Health and Hope Lobby 2023: What we heard and what’s next
More than 100 health care workers and public health care advocates lobbied 60 parliamentarians as part of the Canadian Health Coalition’s 2023 Health and Hope Lobby on March 28.
Due to diligent reporting from lobby participants, we are able to provide this summary of what we heard from our meetings with MPs from the different parties and Senators.
The Canadian Health Coalition met with senior policy staff in two ministers’ offices: Health Minister Jean Yves Duclos and Seniors Minister Kamal Khera.
Minister Duclos’s staff relayed the office is still working on pharmacare legislation and evaluating options. They explained the approach requires cooperation from the provinces and territories to be ultimately successful.
Minister Khera’s staff explained their office was currently working on delivering the government’s commitment to increase the wages of Personal Support Workers (PSWs) to $25 per hour, announced on March 1, 2023.
Several Liberal MPs told lobby participants they support the idea of universal pharmacare, but they are not sure how and when it will be achieved.
NDP MPs conveyed to lobby participants their strong support for universal public pharmacare and their opposition to the privatization of health care. They worry about the interference of big pharma and private insurance companies in passing universal public pharmacare.
Conservative MPs largely voiced their concerns about the costs of having a universal pharmacare program. They felt government can’t be trusted to manage the program.
Clifford Small, Conservative MP for Coast of Bays-Central-Notre Dame, Newfoundland and Labrador, was an outlier. He understood pharmacare would mean long-term savings with bulk buying and preventative downstream costs.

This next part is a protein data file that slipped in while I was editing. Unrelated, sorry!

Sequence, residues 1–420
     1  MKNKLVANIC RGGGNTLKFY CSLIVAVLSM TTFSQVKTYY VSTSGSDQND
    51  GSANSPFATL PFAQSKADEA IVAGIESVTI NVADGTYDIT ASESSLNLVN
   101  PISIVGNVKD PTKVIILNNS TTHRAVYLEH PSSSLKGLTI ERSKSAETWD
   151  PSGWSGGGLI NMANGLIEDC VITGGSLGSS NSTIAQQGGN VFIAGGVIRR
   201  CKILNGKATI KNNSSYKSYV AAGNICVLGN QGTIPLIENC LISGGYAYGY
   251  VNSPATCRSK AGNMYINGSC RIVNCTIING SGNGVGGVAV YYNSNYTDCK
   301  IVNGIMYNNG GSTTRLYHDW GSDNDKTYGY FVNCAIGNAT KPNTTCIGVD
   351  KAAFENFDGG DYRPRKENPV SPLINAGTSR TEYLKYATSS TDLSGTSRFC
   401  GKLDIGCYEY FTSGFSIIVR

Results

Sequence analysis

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One Bloc Québécois MP met with lobby participants, Keith Newman with the Congress of Union Retirees of Canada (CURC) and Eric Massey with the Professional Institute of the Public Service of Canada (PIPSC). Luc Thériault represents Montcalm and is vice-chair of the Standing Committee on Health (HESA). Thériault said he is not interested in programs foisted on it by the federal government, including universal public pharmacare, but was open to a discussion about it.
Senators had mixed views on health care. Senators who are doctors are supporting a more robust public health care. Others with corporate backgrounds touted privatization and public-private partnerships.
“Don’t take your foot off the gas. This is health care time,” said one of the senators that form a health care coalition of senators who met with our lobbyists. These senators included Dr. Gigi Osler, a physician, Sharon Burey, a pediatrician, and Senator Dennis Patterson, a lawyer.
Senator Dr. Stan Kutcher, a well-known psychiatrist in his field, expressed concerned about long-term care. He wants long-term care regulated and accredited like in public hospitals. He agrees universal pharmacare keeps patients out of the hospital. He wants us to amplify our message.
Lobby participants have a busy spring and summer ahead. As noted in the report, the Canadian Health Coalition, provincial health coalitions and health care workers are planning to making health care an election issue and are organizing to have a presence at union conventions, the premiers’ gathering in Winnipeg in July, and the Atlantic Liberal Caucus in Cape Breton in September.
Feature photo: Left-to-right – Bonita Zarillo, NDP MP for Port Moody-Coquitlam, and lobby participants, Eunice O’Mahony, Ontario Secondary School Teachers’ Federation, and Maria Panyangara, Unifor. Photo by John Major.
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Tracy Glynn is the National Director of Projects and Operations for the Canadian Health Coalition